Days after launch, ISRO loses contact with GSAT-6A
Three days after launching the GSAT-6A, the ISRO has confirmed that communication from the satellite has been lost after the second firing of the on-board engine yesterday. "Efforts are underway to establish links with the satellite," the space agency said. Rumors about a power glitch during the GSATS-6A's second orbit manoeuvre from the Master Control Facility (MCF), Hassan, had made the rounds since yesterday.
The launch on March 29 was successful
The GSAT-6A communication satellite was launched from the Satish Dhawan Space Centre in Sriharikota, AP, on March 29. It is a high-power S-band communication satellite with a mission life of about 10 years. It primarily aims to provide mobile communication to India through a multi-beam coverage, but will also "provide services for defense purposes." Hours later, ISRO released video captured by cameras on board.
The first on-board motor firing went smoothly, ISRO said
At first, the GSAT-6A was placed in an initial elliptical orbit of 169.4kmx36,692km. Within minutes, MCF picked up control. From the next day, it started routinely correcting the elliptical orbit into a circular one, likely to last for 7-10 days. After the first on-board motor firing on March 30, its orbit became 36,412kmx5,054km with an inclination of 11.93 degrees to the Equator.
No communication from ISRO after second orbit raising
The second orbit raising is said to have taken place at 10:15am on March 31, but ISRO initially didn't release details. But The Hindu reports that its top officials, including Chairman K. Sivan, went into a huddle with ISRO Satellite Centre and MCF officials went into a huddle at the ISRO headquarters, and then again at MCF.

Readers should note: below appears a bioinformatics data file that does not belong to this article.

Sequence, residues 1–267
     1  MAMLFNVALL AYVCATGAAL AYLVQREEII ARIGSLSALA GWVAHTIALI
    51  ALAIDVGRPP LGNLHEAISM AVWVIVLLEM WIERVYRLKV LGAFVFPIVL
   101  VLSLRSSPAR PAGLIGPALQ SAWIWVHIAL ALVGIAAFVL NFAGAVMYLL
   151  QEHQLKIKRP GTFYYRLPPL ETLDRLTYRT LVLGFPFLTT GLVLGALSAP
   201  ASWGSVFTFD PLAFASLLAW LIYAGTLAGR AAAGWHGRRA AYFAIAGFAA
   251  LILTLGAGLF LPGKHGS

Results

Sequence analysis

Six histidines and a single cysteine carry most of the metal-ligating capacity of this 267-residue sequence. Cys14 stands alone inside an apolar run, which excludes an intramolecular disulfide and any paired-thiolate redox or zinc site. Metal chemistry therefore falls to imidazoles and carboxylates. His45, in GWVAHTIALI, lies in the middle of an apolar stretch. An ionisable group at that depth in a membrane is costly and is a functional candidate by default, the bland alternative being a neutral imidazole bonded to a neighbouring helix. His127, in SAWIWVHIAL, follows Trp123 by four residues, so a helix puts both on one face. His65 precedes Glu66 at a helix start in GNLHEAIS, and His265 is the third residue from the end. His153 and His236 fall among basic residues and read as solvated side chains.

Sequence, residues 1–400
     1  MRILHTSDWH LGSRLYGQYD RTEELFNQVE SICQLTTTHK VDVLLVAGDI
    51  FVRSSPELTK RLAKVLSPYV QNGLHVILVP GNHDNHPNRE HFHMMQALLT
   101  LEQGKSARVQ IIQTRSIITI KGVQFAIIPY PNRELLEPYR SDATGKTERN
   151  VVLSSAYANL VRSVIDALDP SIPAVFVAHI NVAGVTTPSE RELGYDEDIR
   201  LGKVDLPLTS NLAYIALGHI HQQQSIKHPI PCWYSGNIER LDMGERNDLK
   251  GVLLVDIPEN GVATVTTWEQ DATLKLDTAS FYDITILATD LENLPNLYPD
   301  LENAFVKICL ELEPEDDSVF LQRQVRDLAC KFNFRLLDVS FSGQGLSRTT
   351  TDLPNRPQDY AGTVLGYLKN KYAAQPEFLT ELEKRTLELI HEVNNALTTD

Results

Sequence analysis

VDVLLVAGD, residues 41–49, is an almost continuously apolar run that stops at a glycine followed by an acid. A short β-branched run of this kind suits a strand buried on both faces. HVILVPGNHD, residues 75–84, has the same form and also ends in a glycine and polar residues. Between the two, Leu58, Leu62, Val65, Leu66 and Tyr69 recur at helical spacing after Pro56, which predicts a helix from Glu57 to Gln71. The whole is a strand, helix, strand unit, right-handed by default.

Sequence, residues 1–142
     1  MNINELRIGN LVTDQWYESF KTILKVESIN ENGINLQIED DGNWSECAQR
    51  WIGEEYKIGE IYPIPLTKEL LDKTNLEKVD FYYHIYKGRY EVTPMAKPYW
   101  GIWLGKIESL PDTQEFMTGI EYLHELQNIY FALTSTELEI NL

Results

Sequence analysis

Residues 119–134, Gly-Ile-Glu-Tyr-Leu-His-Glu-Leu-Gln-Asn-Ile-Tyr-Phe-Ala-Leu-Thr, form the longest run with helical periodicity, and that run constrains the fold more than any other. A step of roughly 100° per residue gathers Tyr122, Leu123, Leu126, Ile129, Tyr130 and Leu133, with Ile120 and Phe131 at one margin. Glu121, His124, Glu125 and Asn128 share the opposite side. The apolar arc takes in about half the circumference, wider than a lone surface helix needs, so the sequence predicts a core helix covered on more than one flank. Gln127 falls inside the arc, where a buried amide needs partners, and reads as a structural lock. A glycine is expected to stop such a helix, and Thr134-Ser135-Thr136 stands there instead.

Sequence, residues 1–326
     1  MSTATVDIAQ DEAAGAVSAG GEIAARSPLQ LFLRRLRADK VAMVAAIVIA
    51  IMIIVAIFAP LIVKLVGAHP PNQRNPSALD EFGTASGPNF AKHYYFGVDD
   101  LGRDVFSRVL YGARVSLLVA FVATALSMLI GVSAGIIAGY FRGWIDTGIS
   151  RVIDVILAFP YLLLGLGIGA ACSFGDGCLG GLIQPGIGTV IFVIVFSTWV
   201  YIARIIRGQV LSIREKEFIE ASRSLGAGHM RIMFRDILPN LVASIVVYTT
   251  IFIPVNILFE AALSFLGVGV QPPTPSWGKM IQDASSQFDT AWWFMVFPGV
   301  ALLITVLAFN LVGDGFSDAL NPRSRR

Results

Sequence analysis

Why does a flaw with the GSAT-6A launch matter?
GSAT-6A is a 2,140 kg satellite meant to provide mobile communication through hand-held ground terminals. Its launch marked ISRO's fifth consecutive success for a GSLV using an indigenous cryogenic upper stage engine to launch a satellite in GTO. It had given a major boost to India's second moon mission at the end of this year- sending 3,290kg Chandrayaan 2 to orbit the moon.
The IRNSS-1H launch failure last year was a massive setback
Last year, the ISRO lost the IRNSS-1H; reports said it had overloaded the PSLVC39-rocket with one tonne of extra weight. But the agency attributed the loss to a heat shield failure. The satellite was launched by ISRO's star launch vehicle PSLV-C39, and was expected to enhance India's own GPS-like system called NavIC. The IRNSS-1H was set to replace India's first navigation satellite IRNSS-1A.Share this timeline